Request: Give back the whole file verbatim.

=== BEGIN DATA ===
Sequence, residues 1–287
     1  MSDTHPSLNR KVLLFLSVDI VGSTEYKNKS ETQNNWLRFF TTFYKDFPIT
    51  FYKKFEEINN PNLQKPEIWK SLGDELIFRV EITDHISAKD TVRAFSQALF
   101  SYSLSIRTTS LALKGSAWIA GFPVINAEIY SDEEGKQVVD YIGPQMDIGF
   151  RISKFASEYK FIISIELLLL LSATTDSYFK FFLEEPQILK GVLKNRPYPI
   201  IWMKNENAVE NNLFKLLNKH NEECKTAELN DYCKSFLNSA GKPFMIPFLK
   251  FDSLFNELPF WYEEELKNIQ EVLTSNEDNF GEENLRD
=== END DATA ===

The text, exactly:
Sequence, residues 1–287
     1  MSDTHPSLNR KVLLFLSVDI VGSTEYKNKS ETQNNWLRFF TTFYKDFPIT
    51  FYKKFEEINN PNLQKPEIWK SLGDELIFRV EITDHISAKD TVRAFSQALF
   101  SYSLSIRTTS LALKGSAWIA GFPVINAEIY SDEEGKQVVD YIGPQMDIGF
   151  RISKFASEYK FIISIELLLL LSATTDSYFK FFLEEPQILK GVLKNRPYPI
   201  IWMKNENAVE NNLFKLLNKH NEECKTAELN DYCKSFLNSA GKPFMIPFLK
   251  FDSLFNELPF WYEEELKNIQ EVLTSNEDNF GEENLRD